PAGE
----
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At RPM Seafood, the Cocktail Menu Shines

Clear palomas? Nonalcoholic Pimm’s Cups? The latest addition to the RPM dynasty is serving up innovative elixirs in an unexpected setting.

RPM Seafood drinks, from left to right: Crystal Paloma, Down the Rabbit Hole, and the Kashmir Club   PHOTO: JOHN STOFFER

The latest spot in Lettuce Entertain You’s RPM brand officially debuted last week. RPM Italian opened in 2012, RPM Steak followed it in 2014, and now the newest sibling, RPM Seafood, is open for business in Near North (317 N. Clark St.). Hewing to its spirit of “affordable luxury” (as co-owner R.J. Melman describes the brand), RPM Seafood has super fresh fish and a surprisingly innovative cocktail program for reasonable prices.

I say “surprisingly” not as a dig at the rest of the RPM restaurants, but more as an acknowledgement that they really haven’t been known for their cocktails. RPM Italian has always had great wine, and RPM Steak makes an excellent martini, but the drink menu was never super innovative.

That changed when mixer Ben Schiller was hired to oversee cocktails for the entire group. Schiller, who has done time at almost every great bar in town, wasn’t hired to just pour martinis. He was tasked to come up with a cocktail menu that fit the food at a seafood spot — no easy task. Fish, which tends to have delicate flavors, can be difficult to match with cocktails; something too strong or high-proof will burn your palate and you won’t be able to taste the food.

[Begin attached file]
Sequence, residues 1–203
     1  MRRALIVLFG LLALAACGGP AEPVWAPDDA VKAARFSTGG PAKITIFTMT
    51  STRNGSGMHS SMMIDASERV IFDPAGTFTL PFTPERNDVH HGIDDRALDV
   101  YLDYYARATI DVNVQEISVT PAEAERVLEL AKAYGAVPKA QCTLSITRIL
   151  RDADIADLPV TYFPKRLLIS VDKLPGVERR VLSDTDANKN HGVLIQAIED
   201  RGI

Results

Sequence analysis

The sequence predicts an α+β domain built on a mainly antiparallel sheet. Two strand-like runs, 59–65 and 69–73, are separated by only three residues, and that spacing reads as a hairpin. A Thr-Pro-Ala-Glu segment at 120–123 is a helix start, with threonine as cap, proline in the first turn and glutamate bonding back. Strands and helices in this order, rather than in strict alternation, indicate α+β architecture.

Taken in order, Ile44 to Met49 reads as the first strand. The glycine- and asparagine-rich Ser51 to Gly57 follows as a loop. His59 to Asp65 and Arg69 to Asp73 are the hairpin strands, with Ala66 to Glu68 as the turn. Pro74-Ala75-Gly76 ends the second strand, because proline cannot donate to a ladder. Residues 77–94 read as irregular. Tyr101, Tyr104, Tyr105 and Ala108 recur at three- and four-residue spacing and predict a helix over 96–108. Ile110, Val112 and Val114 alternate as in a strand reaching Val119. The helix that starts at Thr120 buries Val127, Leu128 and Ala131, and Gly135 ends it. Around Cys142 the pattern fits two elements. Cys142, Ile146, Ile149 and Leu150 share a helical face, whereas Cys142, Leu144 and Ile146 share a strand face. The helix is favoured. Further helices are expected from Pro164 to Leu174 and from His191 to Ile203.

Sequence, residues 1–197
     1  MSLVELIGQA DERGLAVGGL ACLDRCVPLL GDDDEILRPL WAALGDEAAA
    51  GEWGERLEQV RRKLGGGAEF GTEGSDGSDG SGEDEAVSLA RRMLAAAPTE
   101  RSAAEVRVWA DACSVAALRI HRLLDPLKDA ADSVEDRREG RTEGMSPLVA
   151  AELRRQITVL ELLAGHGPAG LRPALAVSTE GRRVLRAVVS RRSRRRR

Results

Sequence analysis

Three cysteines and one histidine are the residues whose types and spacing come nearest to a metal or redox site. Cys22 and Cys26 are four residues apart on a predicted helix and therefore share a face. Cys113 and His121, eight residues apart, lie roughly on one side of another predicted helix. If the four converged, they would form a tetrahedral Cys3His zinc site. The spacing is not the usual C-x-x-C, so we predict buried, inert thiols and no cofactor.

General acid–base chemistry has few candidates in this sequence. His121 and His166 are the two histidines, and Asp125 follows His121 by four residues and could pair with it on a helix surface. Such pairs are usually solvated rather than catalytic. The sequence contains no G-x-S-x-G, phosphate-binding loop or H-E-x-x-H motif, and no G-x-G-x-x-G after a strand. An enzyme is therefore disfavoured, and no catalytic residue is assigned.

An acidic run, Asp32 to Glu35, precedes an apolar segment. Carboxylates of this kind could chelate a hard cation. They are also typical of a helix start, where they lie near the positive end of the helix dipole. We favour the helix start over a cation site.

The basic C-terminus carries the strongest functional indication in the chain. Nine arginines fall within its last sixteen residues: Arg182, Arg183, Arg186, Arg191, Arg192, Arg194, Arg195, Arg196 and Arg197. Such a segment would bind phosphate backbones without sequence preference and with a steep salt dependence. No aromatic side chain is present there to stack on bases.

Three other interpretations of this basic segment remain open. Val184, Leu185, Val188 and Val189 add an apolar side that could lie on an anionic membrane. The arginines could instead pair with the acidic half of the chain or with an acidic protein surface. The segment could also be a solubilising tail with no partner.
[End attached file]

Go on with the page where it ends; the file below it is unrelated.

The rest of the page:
“We went with a lot of clear spirits and citrus,” Schiller explains. “We went especially heavy on agave because we found it so versatile.”

The restaurant’s signature drinks are, in fact, all agave-based, and while they might sound simple, they require some pretty intense mad scientist tricks. Take Schiller’s version of a paloma, a classic cocktail that combines grapefruit soda and tequila. His is called a “Crystal” paloma and is perfectly transparent. How? First, he clarified the grapefruit using agar agar. Then, using an ultra-low temperature medical-grade freezer, he got the tequila so cold that the water began to freeze out of it, allowing him to remove the water and replace it with the clarified grapefruit.

“Think of it like a reduction, but using cold instead of heat,” Schiller says. “It’s ultra-intense.” (The crystal paloma also happens to be the most popular drink on the menu.)

This scientific approach extends to the nonalcoholic cocktails as well, a section of the menu that Schiller took particularly seriously. “We really embraced these,” he says. “We didn’t want to have a section of our menu that we just took a knee on.”

Instead of just combining some juices into a mocktail, Schiller created a nonalcoholic version of Pimm’s No. 1, a gin-based liqueur. To do this, he used an induction burner that could be set at a very precise temperature so the alcohol in the Pimm’s burned off but the remaining ingredients didn’t change. Then, he made a Pimm’s cup with raspberry syrup, cucumber, and watermelon. The flavor is still there — all that’s missing is the booze.

RPM Seafood is part of a larger complex of Lettuce properties in the building, which includes Pizzeria Portofino (which I covered a few months ago ) and RPM Events, the new special events space that seats 300. Right now, RPM Seafood is only doing dinner. Sometime in April, the restaurant will start offering lunch, with an eye toward eventually offering weekend brunch.

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